As a 13-year-old New York City schoolgirl, Irene Katz fell in love with The Beatles as did most of her peers. Her favorite was Paul McCartney. When she discovered the group was coming to New York for their first American visit, Irene just had to see them and give them (especially Paul) the chance to see her! What she couldn’t know then was that her face would become one of the most memorable images of American Beatlemania, seen in countless films, documentaries and TV shows.
Knowing that her parents would never allow her to spend all day on the Manhattan streets screaming for an English rock ‘n’ roll group, she cooked up a scheme. She told her parents she was going to stay at a girlfriend’s house, studying Friday night and all day Saturday, but early Saturday morning the girls high-tailed it to the Plaza Hotel and stood screaming words of love towards The Beatles’ rooms, hoping that “The Fab Four” would notice them.
Irene knew she had to stand out from the crowd, so she decided to make a distinctive sign. She thought of a very British expression: “The King is dead, long live the King.” That led her to devise a contemporary adaptation: “Elvis is dead. Long live The Beatles.”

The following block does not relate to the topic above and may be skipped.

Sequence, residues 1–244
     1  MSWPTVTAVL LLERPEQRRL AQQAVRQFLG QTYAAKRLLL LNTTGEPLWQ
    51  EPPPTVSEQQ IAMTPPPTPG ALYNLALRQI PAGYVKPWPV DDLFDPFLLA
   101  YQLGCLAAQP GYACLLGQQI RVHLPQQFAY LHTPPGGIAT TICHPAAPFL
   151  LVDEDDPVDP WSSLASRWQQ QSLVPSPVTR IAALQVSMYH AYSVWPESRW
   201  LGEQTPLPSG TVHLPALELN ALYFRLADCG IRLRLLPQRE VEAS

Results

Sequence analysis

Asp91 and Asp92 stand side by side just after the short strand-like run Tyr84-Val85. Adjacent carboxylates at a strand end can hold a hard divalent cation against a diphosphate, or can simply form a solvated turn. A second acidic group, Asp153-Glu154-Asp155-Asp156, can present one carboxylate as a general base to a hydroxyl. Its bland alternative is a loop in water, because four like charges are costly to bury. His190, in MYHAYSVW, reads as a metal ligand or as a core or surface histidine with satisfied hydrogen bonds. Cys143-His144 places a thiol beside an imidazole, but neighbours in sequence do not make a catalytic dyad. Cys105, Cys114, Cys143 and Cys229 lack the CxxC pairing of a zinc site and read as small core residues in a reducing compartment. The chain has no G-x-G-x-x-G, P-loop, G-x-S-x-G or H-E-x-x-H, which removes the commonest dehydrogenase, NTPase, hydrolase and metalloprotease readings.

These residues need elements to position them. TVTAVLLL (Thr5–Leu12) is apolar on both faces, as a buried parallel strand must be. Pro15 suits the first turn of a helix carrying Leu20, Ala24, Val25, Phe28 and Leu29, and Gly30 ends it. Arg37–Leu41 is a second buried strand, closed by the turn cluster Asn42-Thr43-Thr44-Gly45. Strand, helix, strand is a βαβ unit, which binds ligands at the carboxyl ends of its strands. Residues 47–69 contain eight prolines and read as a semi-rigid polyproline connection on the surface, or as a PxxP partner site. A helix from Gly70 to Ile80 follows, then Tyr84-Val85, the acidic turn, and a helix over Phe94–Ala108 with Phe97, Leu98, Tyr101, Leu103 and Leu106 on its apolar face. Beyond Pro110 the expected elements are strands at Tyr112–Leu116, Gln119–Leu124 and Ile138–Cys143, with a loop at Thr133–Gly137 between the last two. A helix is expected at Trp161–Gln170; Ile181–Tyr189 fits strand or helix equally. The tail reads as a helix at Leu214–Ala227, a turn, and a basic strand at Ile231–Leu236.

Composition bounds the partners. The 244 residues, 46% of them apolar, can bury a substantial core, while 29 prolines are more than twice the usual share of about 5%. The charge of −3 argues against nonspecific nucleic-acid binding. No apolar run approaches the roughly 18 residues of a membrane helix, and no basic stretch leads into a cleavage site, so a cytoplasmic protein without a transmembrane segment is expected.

The sign was a standout and drew the attention of TV news crews covering the event, zeroing in on her and making it the lead item that night on the New York City evening news. Consequently, that meant she was busted when her parents saw their daughter on TV. However, that didn’t stop Irene from sneaking out the next day to scream outside the Beatles hotel again.
The following Wednesday (February 12th 1964) Irene saw the Beatles from the decidedly better vantage point in the audience at the group’s debut New York concert at Carnegie Hall.
Time marches on and Irene grew up but never stopped being a Beatles fan. Through the decades, that news footage of the teenaged Irene and her sign continued to be featured in movies, documentaries and TV programs.
Then one day in 2002 she attended a Paul McCartney concert where she suddenly spotted a familiar face right behind Paul as he sang “All My Loving.” There on the giant video screen throughout most of the song was the young Irene Katz in all her Beatlemaniac glory with her memorable sign. As it turns out, McCartney had selected that exact footage for one of the key video montages that plays during his concerts worldwide. So it was that Irene’s teenage fantasy of touring the world with Paul and being with him ever night had actually come true. Today, at 63, the young grandmother is still a Beatles fan and on stage behind Paul at every concert around the world.
Irene Katz will be a special guest at the upcoming 2014 Fest For Beatles Fans, taking place at the Grand Hyatt Hotel in New York City on February 7th through 9th.